Presentation on theme: "Universidad Metropolitana Título V Campus"— Presentation transcript:
1 Universidad Metropolitana Título V Campus Comparative and superlative degree of adjectives and adverbsLearning Zone - Inglés
2 Definition:Adjective: It is used to express attributes to something or someone. These appear before the noun, modify it and follow the next order of determiners, observation, size and shape, age, color, origin, material and qualifier.Adverb: It can modify a verb, an adjective, a phrase or clause and another adverb. Adverbs can be identified quickly by their commonly used suffix “ly” and can be found in various places of the sentence.You should use the comparative form of an adjective or adverb to compare exactly two things. The superlative form is for comparing three or more.
3 Rules: comparative and superlative adjectives… Rule # 1: Only one syllable, ending in E.E.g.: wide, fine, cuteComparativeSuperlativeAdd -R: wider, finer, cuterAdd -ST: widest, finest, cutestComparative: Mary is cuter than Jenny.Superlative: Mary is the cutest girl of the classroom.
4 Rules: comparative and superlative adjectives… Rule # 2: Only one syllable, with one vowel and one consonant at the end.E.g.: hot, big, fatComparativeSuperlativeDouble the consonant, and add -ER: hotter, bigger, fatterDouble the consonant, and add -EST: hottest, biggest, fattestComparative: This summer is hotter than last year’s summer.Superlative: This is the hottest summer ever.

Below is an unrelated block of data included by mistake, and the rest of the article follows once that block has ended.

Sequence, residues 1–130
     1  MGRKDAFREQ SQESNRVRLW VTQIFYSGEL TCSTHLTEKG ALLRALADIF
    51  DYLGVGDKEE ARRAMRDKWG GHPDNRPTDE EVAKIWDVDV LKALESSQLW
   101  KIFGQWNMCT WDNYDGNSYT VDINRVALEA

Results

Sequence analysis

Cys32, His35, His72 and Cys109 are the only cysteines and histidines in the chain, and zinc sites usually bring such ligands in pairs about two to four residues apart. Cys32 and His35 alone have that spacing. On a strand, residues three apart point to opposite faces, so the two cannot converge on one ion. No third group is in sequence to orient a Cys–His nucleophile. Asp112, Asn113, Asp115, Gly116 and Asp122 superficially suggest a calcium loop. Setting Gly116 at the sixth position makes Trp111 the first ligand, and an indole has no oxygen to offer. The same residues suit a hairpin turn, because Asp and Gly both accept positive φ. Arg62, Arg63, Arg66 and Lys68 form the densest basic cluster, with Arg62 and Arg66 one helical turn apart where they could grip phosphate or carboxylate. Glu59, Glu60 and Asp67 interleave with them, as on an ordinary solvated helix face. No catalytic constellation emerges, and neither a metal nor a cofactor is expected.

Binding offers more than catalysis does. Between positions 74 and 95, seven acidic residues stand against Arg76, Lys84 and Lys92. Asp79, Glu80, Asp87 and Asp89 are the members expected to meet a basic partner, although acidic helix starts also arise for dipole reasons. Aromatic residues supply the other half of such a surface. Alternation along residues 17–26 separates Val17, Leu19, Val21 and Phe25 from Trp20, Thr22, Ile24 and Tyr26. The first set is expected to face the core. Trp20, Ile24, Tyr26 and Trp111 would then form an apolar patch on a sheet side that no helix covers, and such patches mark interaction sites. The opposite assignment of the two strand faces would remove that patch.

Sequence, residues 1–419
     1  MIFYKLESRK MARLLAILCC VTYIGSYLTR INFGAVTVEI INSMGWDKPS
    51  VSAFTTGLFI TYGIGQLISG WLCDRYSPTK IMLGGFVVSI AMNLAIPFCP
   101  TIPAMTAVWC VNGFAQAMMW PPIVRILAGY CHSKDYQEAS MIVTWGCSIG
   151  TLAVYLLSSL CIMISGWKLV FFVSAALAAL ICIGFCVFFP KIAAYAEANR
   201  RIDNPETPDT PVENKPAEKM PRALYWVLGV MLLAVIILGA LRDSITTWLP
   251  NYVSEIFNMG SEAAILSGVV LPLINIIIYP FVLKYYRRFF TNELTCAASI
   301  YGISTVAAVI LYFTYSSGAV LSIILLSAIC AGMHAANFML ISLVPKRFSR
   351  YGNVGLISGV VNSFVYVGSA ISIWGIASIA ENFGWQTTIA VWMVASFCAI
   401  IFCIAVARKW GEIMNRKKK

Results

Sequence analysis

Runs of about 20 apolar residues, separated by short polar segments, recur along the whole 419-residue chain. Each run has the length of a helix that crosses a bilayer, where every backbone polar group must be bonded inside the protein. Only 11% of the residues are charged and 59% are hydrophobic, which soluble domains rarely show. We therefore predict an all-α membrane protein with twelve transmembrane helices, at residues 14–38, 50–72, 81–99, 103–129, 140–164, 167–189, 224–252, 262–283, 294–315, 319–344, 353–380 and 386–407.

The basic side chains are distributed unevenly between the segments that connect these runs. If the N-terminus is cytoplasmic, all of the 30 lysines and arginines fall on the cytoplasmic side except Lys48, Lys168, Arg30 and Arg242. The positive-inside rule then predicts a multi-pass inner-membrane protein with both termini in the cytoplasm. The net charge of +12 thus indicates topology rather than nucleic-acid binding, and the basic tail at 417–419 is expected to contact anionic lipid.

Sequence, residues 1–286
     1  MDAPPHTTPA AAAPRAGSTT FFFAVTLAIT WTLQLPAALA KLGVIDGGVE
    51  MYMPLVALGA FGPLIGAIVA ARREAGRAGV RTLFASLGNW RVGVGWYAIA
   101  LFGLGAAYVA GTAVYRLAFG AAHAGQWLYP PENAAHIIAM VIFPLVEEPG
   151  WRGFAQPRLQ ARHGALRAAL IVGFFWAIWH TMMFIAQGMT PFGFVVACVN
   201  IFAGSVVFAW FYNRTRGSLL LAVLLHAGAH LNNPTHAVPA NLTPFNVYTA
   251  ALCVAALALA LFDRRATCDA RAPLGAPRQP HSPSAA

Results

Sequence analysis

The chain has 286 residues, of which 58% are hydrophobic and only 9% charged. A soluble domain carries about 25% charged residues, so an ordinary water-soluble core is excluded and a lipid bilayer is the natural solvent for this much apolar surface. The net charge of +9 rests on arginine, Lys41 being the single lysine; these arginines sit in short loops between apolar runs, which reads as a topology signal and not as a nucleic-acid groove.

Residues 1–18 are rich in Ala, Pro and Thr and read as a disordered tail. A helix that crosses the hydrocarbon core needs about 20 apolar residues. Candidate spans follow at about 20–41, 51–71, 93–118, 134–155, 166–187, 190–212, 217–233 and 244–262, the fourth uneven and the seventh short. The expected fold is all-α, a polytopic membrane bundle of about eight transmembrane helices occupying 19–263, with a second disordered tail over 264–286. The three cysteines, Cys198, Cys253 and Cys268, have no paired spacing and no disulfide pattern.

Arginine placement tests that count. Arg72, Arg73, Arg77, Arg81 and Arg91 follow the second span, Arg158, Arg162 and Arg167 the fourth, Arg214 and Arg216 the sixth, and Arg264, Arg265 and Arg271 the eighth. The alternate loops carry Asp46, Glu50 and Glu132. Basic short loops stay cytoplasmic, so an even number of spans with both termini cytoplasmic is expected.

5 Rules: comparative and superlative adjectives… Rule # 3: Only one syllable, with more than one vowel or more than oneconsonant at the end.E.g.: light, neat, fastComparativeSuperlativeAdd -ER: lighter, neater, fasterAdd -EST: lightest, neatest, fastestComparative: This car is faster than my last car.Superlative: This car is the fastest I ever had.
6 Rules: comparative and superlative adjectives… Rule # 4: Two syllables, ending in Y.E.g.: happy, silly, lonelyComparativeSuperlativeChange Y to I, then add -ER: happier, sillier, lonelierChange Y to I, then add -EST: happiest, silliest, loneliestComparative: I feel happier than ever.Superlative: I am the happiest woman of the world.
7 Rules: comparative and superlative adjectives… Rule # 5: Two syllables or more, not ending in Y.E.g.: modern, interesting, beautifulComparativeSuperlativeUse MORE before the adjective: more modern, more interesting, more beautifulUse MOST before the adjective: most modern, most interesting, most beautifulComparative: “The Da Vinci Code” book is more interesting than themovie.Superlative: “The Da Vinci Code” is the most interesting book everwritten.
9 Practice Comparative and superlative of adjectives
10 Interesting fact…The rules applied for the comparative and superlative of adjectives are very similar to the rules of the comparative and superlative of adverbs. You can play with the rules and have fun…
11 Rules: comparative and superlative adjectives… Rule # 1: One syllable adverbs add –er or –est.E.g.: fast, hardComparativeSuperlativeAdd -ER: faster, harder, cuterAdd -EST: fastest, hardest, cutestComparative: John works harder than me.Superlative: John works the hardest.
12 Rules: comparative and superlative adverbs… Rule # 2: Adverbs with 2 or more syllables, use MORE and MOST with: E.g.: carefully, quicklyComparativeSuperlativeWith two or more syllables, use MORE and THAN: more carefully than, more quickly thanUse THE MOST: the most carefully, the most quicklyComparative: He ran more quickly than me.Superlative: Of all the athletes, he ran the most quickly.